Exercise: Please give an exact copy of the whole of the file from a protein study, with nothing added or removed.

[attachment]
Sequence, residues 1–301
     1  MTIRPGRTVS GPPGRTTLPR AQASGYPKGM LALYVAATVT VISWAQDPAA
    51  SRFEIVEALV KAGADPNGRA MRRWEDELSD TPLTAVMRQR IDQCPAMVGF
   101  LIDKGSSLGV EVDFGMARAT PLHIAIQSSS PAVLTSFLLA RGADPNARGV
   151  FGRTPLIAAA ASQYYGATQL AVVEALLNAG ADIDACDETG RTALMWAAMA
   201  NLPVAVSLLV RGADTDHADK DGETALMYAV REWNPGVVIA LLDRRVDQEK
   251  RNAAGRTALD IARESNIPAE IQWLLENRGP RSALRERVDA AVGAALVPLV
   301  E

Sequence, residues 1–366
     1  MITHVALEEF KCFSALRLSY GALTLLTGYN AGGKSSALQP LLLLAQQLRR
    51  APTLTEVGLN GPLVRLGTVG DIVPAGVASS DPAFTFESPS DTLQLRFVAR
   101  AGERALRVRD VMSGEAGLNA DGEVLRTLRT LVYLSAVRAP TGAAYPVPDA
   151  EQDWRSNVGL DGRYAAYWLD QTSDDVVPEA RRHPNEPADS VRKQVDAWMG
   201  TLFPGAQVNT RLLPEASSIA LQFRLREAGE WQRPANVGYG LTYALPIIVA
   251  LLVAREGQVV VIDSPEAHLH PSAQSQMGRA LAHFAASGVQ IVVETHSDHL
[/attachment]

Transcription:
Sequence, residues 1–301
     1  MTIRPGRTVS GPPGRTTLPR AQASGYPKGM LALYVAATVT VISWAQDPAA
    51  SRFEIVEALV KAGADPNGRA MRRWEDELSD TPLTAVMRQR IDQCPAMVGF
   101  LIDKGSSLGV EVDFGMARAT PLHIAIQSSS PAVLTSFLLA RGADPNARGV
   151  FGRTPLIAAA ASQYYGATQL AVVEALLNAG ADIDACDETG RTALMWAAMA
   201  NLPVAVSLLV RGADTDHADK DGETALMYAV REWNPGVVIA LLDRRVDQEK
   251  RNAAGRTALD IARESNIPAE IQWLLENRGP RSALRERVDA AVGAALVPLV
   301  E

Sequence, residues 1–366
     1  MITHVALEEF KCFSALRLSY GALTLLTGYN AGGKSSALQP LLLLAQQLRR
    51  APTLTEVGLN GPLVRLGTVG DIVPAGVASS DPAFTFESPS DTLQLRFVAR
   101  AGERALRVRD VMSGEAGLNA DGEVLRTLRT LVYLSAVRAP TGAAYPVPDA
   151  EQDWRSNVGL DGRYAAYWLD QTSDDVVPEA RRHPNEPADS VRKQVDAWMG
   201  TLFPGAQVNT RLLPEASSIA LQFRLREAGE WQRPANVGYG LTYALPIIVA
   251  LLVAREGQVV VIDSPEAHLH PSAQSQMGRA LAHFAASGVQ IVVETHSDHL